We Are 181 • Fall 2012

leaders, building character and serving others. In January 2012, the Baxter Kiwanis Club started sponsoring a new afterschool group at Baxter Elementary School called K-Kids for third and fourth grade students. “Along with developing leadership skills, the goal is to do service projects that have an impact at the school, neighborhood, community and international level,” said Jennifer Pedersen, media secretary and co-leader of K-Kids. The group elects officers and learns how to run an official meeting. All group decisions are studentdriven, planned and implemented. K-Kid Evan shared, “I love K-Kids because we help do service projects. When I see people doing good things I ask if I can help.” Students made bulletin boards for the hallway displaying leadership qualities, raised money

and supplies for Heartland Animal Rescue Team (HART), served at the Sharing Bread Soup Kitchen, cleaned up garbage around the gas station near the school, and are collecting pennies for the Kiwanis International program, Eliminate Project, an effort to eradicate tetanus in developing countries. Pederson and co-leader media specialist TyAnne Rezac say there’s also a wonderful multi-generational aspect with volunteers from the Baxter Kiwanis Club that make it really special. “Marwin Bogue and Jean Collins are amazing. They attend every meeting, assist with projects, and are great with the kids.” Baxter Kiwanis members Karl Samp, Greg Anderson and Dave Csanda lead a program called Terrific Kids at Baxter Elementary. Every Tuesday morning, they visit the third grade classrooms to talk about character


al e d r s m, e

a s al r l. e g, h

development and goal setting. Students are asked to make two ‘smart’ goals for the week, one for school and one for at home. The following Tuesday, kids self-report on their progress by putting stickers on a chart if goals were met. To celebrate their accomplishments in Terrific Kids, all third graders go to the Good Samaritan Bowl-A-Thon in the spring. “We try to reinforce the curriculum and what teachers are doing in the classroom with goal setting,” said Samp. “Close to the Minnesota Comprehensive Assessment (MCA) testing period, we talk about being ‘capable’ and setting goals about doing their best work on the tests.” The Brainerd Kiwanis Club also sponsors the Kids Triathlon at Whipple Beach in Baxter each August. “Participating kids are encouraged to set a goal related to the triathlon,” said Samp. “It gives them something healthy to work toward over summer vacation.” Joe and Christian participated in Terrific Kids last year. “One of my goals for school was to get my math homework perfect every day,” said Joe. “A home goal was to help with every load of laundry,” Christian said. “One of my school goals was to be responsible and keep my desk clean,” and for home, “not to fight with my big sister.” Joe and Christian summed up their experience by saying, “I got smarter by learning to set goals,” and “I learned how to make the community a better place.” Kiwanis Clubs also recognize students for academic progress. Lowell, Harrison, is a Garfield and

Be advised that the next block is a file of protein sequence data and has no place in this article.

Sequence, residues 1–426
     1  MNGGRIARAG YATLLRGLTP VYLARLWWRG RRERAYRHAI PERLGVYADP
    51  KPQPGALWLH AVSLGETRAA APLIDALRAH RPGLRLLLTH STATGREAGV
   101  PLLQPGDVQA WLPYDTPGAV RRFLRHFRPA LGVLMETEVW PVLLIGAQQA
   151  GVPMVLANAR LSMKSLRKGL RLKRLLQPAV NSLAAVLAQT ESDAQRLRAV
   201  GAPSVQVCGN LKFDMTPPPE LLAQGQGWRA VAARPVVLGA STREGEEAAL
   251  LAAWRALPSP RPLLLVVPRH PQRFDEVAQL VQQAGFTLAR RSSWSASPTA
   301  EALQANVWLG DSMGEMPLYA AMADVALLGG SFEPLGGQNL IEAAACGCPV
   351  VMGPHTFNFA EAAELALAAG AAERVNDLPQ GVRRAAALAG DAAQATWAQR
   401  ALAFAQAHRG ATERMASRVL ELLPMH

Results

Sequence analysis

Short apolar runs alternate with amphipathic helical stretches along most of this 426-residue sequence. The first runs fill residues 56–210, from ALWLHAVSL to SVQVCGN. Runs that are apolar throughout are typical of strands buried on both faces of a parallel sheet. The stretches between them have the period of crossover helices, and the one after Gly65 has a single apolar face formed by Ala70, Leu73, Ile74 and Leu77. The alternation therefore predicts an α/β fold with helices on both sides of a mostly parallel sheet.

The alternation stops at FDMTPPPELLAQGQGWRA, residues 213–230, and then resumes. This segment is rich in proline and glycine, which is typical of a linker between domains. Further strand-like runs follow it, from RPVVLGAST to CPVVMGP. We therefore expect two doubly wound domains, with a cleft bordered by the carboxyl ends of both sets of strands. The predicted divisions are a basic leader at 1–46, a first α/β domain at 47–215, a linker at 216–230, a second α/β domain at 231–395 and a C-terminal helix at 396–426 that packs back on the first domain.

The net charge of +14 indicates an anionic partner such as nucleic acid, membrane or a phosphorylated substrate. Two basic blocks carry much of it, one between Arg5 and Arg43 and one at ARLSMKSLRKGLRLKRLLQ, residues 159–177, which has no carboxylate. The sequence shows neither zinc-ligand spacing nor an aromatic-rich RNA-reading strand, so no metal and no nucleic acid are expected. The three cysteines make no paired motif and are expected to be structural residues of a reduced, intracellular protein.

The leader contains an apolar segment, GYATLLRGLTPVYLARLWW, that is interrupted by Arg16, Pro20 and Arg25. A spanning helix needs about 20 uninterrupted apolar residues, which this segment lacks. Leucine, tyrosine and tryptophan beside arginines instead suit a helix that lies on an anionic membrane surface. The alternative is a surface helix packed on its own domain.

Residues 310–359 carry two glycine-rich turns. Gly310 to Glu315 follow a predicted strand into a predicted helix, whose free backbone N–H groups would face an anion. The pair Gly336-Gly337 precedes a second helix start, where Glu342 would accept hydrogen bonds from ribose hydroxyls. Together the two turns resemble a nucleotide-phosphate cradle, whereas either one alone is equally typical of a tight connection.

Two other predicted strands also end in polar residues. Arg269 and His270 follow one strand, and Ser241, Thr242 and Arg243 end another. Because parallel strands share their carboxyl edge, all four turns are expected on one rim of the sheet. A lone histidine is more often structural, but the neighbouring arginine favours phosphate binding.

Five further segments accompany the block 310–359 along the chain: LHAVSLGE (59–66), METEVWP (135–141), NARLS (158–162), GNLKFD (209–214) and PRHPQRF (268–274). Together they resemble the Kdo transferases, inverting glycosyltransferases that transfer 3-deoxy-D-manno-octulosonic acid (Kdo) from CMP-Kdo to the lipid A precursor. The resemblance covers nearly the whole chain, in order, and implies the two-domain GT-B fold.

Baxter Elementary schools sponsor of Bringing Up Grades, or BUG, program for fourth graders. In January, a Kiwanis Club member introduces the BUG program to participating classrooms. Winners are announced in the

spring at a special awards dinner for students, family members and teachers. Middle school can be a tough time to recruit kids to a club, with sports and other extracurricular activities requiring more of their free time. But Forestview Middle School science teacher Dalen Hodge has had success in getting kids excited about Kiwanis’ Builders Club. There are about 50 active members in fifth through eighth grade at Forestview. “Word-of-mouth is our best recruiting method,” stated Hodge. “Kids who have been involved have a great time and they tell their friends. Once they do it, they realize it’s a great thing.” Eighth grader Jessie Ernster said, “I’ve learned how much fun it is to help people. It feels good to do good.” “It’s about building kids who are

(Above) Kids Clean up Club, (Middle) The Builders Club at Forestview serve the Retired Teachers’ Dinner, (Left) Students raise money and supplies for H.A.R.T.

great examples of young people in the community,” explained Hodge. “Builders Club has evolved into a group that has established relationships with a variety of community organizations.” Students have raked leaves, planted grass and trees at Camp Confidence Learning Center, decorated and auctioned off bowling pins for the Good Samaritan Bowl-A-Thon, and sponsored special events at Forestview to recognize administrative and custodial staff. Hodge’s goal is to have students grow in leadership skills, be good role models for others, and have a zest for volunteering. “It’s one small piece of turning kids into good human beings,” said Hodge. At Brainerd High School (BHS) students can build on the foundations of leadership and service set in elementary and middle school by participating in Key Club. Ginger Augustinack, math teacher at BHS, advises the group of 69 members. “It’s fun to see club members gain time management skills and learn to be responsible for projects

rl a at y e r We Are 181 • Fall 2012


Brainerd Kiwanis Club sponsors the Kids Triathalon in August.